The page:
Friday, October 4, 2002
Greenough Dam repairs present unique challenges
An enthusiastic dam consultant from Stevens Associates Consulting Engineers unveiled preliminary plans for renovation of the deteriorating dam on the town's Greenough Conservation Land at the conservation commission's September 19 meeting. Repair of the 70-year-old, man-made structure was found to be necessary by experts from the state's Department of Environmental Management in October 2000, and the 2001 Town Meeting authorized hiring of a dam engineering specialist to come up with plans and cost estimates for the project.
Engineer Bob Stevens completed a thorough study of the hydrology of Pages Brook, the Greenough Pond that it feeds, and the dam that interrupts its flow to form Carlisle's scenic gem. The town does not have the funding, nor the time, to perform an exhaustive survey of the hydrology of the Concord River which has in the past backed up to the top of the dam on the downstream side. Said Stevens, "It's been fun! I've never worked on a project with this much potential reverse hydraulic head load." However, the upshot of his sketches and explanations seemed to be, "Not to worry!"
Anticipating flood conditions
As Stevens explained the situation, when there is a serious flood condition, Pages Brook will normally rise first and pressure will build on the upstream side of the dam. If flood conditions intensify and cause the river to back up into the area downstream of our dike, a reverse force will begin to be exerted which can increase until the pressure and counter pressure on the dam are equalized as river waters approach the top.
Turning to the more pedestrian aspects of the project, Stevens' plan called for adding a new 24-foot spillway consisting of three 8-foot spans. The access road that crosses the structure must be capable of accommodating a large fire truck.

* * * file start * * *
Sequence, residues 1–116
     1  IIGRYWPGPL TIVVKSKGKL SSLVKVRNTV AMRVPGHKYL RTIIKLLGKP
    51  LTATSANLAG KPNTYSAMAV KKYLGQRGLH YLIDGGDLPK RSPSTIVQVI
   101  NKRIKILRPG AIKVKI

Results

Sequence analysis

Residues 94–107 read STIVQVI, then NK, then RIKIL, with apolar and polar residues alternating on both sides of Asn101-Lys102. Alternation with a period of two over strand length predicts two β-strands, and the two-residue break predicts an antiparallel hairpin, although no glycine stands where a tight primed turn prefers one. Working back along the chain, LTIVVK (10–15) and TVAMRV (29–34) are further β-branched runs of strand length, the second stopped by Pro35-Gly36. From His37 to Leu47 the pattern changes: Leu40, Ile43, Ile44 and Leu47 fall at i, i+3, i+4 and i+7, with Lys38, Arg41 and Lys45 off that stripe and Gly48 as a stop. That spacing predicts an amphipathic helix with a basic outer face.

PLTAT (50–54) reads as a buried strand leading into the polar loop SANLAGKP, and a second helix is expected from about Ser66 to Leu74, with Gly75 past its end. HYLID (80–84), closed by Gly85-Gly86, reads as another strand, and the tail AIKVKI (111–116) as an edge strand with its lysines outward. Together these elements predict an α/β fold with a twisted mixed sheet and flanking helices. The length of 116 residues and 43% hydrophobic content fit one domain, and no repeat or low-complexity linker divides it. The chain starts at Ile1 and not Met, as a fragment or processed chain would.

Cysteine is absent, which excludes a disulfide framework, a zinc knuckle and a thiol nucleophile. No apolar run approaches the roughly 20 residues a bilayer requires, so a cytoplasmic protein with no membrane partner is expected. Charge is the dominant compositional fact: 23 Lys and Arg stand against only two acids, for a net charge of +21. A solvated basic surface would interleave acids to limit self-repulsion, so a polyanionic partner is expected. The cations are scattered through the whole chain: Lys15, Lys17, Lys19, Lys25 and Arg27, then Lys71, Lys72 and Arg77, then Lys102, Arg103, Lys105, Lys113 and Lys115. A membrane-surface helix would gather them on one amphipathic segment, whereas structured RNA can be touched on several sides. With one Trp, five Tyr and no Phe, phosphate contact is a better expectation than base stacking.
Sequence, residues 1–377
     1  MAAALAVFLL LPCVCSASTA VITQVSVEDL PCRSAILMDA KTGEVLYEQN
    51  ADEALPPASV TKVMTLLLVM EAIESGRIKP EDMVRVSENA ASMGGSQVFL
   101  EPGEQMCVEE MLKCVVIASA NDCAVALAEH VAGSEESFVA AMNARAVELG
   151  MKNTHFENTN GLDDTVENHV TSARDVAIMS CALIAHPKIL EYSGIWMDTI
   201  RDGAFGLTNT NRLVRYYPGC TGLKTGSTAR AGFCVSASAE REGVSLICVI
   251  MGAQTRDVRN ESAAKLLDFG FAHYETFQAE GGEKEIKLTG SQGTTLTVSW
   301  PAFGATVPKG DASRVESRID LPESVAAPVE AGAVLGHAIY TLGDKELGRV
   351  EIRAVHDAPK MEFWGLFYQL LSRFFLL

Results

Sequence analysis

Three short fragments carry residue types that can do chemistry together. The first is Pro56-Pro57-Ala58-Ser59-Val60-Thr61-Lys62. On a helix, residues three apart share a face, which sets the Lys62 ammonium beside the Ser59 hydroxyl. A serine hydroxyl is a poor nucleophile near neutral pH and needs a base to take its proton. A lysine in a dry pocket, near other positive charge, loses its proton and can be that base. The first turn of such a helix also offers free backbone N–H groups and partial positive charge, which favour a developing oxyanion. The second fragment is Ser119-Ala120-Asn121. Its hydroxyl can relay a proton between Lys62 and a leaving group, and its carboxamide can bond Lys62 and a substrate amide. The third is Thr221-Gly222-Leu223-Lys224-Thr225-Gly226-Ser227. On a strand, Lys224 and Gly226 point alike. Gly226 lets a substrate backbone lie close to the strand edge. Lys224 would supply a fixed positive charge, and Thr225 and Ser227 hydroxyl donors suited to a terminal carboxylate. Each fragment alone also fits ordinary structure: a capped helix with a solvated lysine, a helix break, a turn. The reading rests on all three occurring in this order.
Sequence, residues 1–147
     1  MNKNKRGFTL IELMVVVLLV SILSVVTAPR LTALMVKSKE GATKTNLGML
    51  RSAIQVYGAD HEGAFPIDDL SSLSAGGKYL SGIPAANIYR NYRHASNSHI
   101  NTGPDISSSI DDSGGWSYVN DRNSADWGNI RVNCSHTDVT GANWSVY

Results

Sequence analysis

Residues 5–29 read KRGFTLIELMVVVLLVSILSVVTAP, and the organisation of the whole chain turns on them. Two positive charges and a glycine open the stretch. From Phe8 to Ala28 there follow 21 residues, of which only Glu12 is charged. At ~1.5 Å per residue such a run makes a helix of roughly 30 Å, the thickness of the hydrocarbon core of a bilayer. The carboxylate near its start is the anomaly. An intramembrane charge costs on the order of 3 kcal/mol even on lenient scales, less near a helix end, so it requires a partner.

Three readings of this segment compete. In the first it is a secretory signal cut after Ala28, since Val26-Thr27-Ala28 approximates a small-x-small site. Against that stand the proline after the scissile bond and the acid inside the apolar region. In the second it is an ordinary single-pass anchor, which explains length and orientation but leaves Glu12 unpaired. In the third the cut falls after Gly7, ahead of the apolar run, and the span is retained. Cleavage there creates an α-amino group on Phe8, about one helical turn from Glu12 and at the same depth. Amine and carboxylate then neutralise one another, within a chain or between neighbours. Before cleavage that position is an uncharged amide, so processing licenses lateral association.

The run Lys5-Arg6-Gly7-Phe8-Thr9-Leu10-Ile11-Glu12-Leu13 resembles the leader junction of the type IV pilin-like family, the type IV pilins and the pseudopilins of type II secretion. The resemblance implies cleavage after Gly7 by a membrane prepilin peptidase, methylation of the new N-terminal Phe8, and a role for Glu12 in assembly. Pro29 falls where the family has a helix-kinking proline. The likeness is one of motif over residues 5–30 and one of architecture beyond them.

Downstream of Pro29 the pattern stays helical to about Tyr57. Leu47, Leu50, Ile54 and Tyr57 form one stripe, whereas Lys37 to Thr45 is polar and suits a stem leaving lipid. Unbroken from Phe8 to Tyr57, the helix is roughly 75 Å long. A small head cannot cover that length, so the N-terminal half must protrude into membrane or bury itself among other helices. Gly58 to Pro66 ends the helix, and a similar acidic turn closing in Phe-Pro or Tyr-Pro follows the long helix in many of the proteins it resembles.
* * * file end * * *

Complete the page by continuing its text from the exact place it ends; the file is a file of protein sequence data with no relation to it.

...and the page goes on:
The existing second spillway will remain in place, but its top slab will have to be removed in order to check on its internal health and fix anything that needs attention. That slab will then be replaced with one that can carry the same emergency load as its counterpart. As for the access roadway, Stevens recommended that it be paved to prevent erosion and rutting. While a gravel surface would be cheaper and would work, it would also carry a hefty annual maintenance cost. Once the spillways are in, stumps from the trees that were cut down along the top of the dam last spring will have to be removed and the resulting holes filled in.
Design satisfies requirements
The design as now proposed meets the state requirements for a 50-year storm, but Stevens told the board, with the flashboard capacity he is adding, it will actually be capable of handling a 100-year event. To questions about a possible state mandate to replicate any destroyed wetland areas, he pointed out that given the new spillway, there is a probability that new wetlands will be created downstream to balance those that will be lost.
Protecting fish during repairs
Commissioner Tom Brownrigg asked if there were any way to protect the fish as the water level is lowered. Stevens figured that the pond will be dropped by only about two feet, leaving some deeper depressions where aquatic wildlife can hide. Also, he expects to use a cofferdam, a water-tight structure that holds the water back during construction of the spillway, and could extend it further if the commission so desires.
Following a suggestion from commissioner Tricia Smith that he present and price a basic plan and then allow for alternatives based on price, on-going maintenance and aesthetics, Stevens responded that he is already close to finalizing just such a plan. Smith recommended strongly that he provide for a generous amount of riprap in the downstream channel to prevent any future erosion or undermining of the structure.
With a closing kudo from engineer Smith that, "I think it all looks good," the commission asked Stevens to present a detailed proposal at one of their two November meetings. He agreed.
© 2002 The Carlisle Mosquito